Almost 60,000 Suicides in the Indian Farming Community Attributed to Climate Change

August 2, 2017 – Those who study agriculture are more aware of climate change than most. They track and assess trends for incidents of extreme weather. They study rainfall patterns. They look at evapotranspiration rates (the rate that plants and soil give up moisture to the air). They look at temperature.  But in India, they have another farming statistic, suicides per year. It seems odd and troubling that the country tracks the suicide rate among farmers. But this is not unique.

In a Huffington Post blog from July of 2014, Terezia Farkas writes “suicide rates in farmers are the highest of any occupation” describing it as an international crisis. But no country is as bad as India where farm suicides have become an epidemic. Here are some recent statistics:

  • In Maharashtra state in the first four months of 2017, 852 farmers committed suicide. The reason is believed to be related to a prolonged drought.
  • In 2015, the country reported 12,602 farmers committed suicide. Since 2014 suicide is illegal in India so this number is likely underreported data.
  • Tamil-Nadu state, experiencing its worst drought in 140 years, has shipped the skulls and bones of farmers who have committed suicide and deposited them in a pile near India’s Parliament building in Delhi.
  • Total farm suicides since 1995 exceed 300,000.

Indian farmer suicide rates have doubled since 1980, and based on a new research study published in the last month in the Proceedings of the National Academy of Sciences of the United States, climate change is contributing a 6.8% upward trend to this appalling statistic. In the study author, Tamma Carleton EPA STAR Fellow and Ph.D. student in Agricultural & Resource Economics at UC Berkeley, reviews 47 years of Indian suicide records, noting that India contributes 20% of global suicides annually. She further writes that the climate, “particularly temperature” plays a particular role in these somber statistics. For example:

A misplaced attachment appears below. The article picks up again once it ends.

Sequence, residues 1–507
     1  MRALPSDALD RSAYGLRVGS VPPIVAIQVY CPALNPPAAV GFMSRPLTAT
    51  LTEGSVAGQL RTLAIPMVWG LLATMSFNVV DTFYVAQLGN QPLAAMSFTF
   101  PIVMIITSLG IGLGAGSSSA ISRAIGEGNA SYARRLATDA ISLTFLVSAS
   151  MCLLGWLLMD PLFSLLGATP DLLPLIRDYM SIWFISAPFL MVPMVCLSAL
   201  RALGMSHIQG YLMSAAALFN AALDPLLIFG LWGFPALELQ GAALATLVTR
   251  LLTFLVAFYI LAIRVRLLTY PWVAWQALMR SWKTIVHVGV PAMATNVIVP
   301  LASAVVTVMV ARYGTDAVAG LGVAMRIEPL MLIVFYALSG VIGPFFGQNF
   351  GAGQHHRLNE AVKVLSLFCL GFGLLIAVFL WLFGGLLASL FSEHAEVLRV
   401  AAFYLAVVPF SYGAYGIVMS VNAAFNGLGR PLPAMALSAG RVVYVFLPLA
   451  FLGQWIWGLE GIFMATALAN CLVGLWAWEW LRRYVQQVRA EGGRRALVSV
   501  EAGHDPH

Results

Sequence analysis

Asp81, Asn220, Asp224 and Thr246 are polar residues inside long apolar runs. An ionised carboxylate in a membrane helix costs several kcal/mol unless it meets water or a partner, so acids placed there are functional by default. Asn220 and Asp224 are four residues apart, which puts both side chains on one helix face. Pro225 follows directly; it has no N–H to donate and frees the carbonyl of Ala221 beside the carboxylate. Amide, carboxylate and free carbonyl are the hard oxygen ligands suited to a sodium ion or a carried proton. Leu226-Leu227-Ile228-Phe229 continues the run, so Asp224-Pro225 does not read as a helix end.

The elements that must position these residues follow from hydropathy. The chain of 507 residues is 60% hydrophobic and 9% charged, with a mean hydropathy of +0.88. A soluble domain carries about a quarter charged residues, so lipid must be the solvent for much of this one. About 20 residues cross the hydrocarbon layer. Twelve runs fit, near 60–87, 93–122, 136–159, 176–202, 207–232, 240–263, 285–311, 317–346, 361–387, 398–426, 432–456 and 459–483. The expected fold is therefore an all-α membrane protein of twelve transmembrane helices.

• A temperature rise of 1 Celsius (1.8 Fahrenheit) during India’s growing season equates to 65 suicides.
  • A temperature rise on one day of 5 Celsius (9 Fahrenheit) recently caused 335 farmers to kill themselves.

Among farmers, suicides almost always coincide with India’s growing season. She concludes that “warming over the last 30 years is responsible for 59,300 suicides”  and attributes this level of self-harm to climate. She notes, “Without interventions that help families adapt to a warmer climate, it’s likely we will see a rising number of lives lost to suicide as climate change worsens in India.”


This map indicates the rate of suicides attributed to warming in 2013. The deeper the red the higher the incidence. (Credit: PNAS)


The narrative associated with suicide includes growing crop failures, and rising bank indebtedness, all tied to climate changes over the last four decades. And with more than 50% of India’s working population in “rain-dependent agriculture” sensitivity to climate change, and in particular fluctuations in the annual monsoon, longer periods of drought, and record breaking prolonged heat, something needs to be done to end the suicide epidemic.

Carleton is cautious in her use of the statistics stating that her estimates of “temperature-linked suicides” are lower than reality since deaths are generally underreported in India and because suicide is a criminal offense.

What can Indian farmers and the government do to mitigate this growing problem?

  • Farmers need to change planting and field management practices to minimize evapotranspiration.
  • Farmers need to develop surface water retention ponds and use these to provide local irrigation during dry periods.
  • Farmers need to diversify what is planted including the planting of heat-tolerant trees to help reduce ground temperatures.
  • Governments need to provide affordable credit and crop insurance to ensure farmers aren’t burdened with debts they cannot repay in the event of crop failures.

Without such policies and practices in place, the Indian farm population will continue this appalling level of self-harm.


The evidence of Tamil-Nadu’s prolonged drought and associated farm suicides outside Delhi’s Parliament buildings. (Photo credit: Julian Chung, The Guardian)


Len Rosen lives in Toronto, Ontario, Canada. He is a researcher and writer who has a fascination with science and technology. He is married with a daughter who works in radio, and a miniature red poodle who is his daily companion on walks of discovery. More...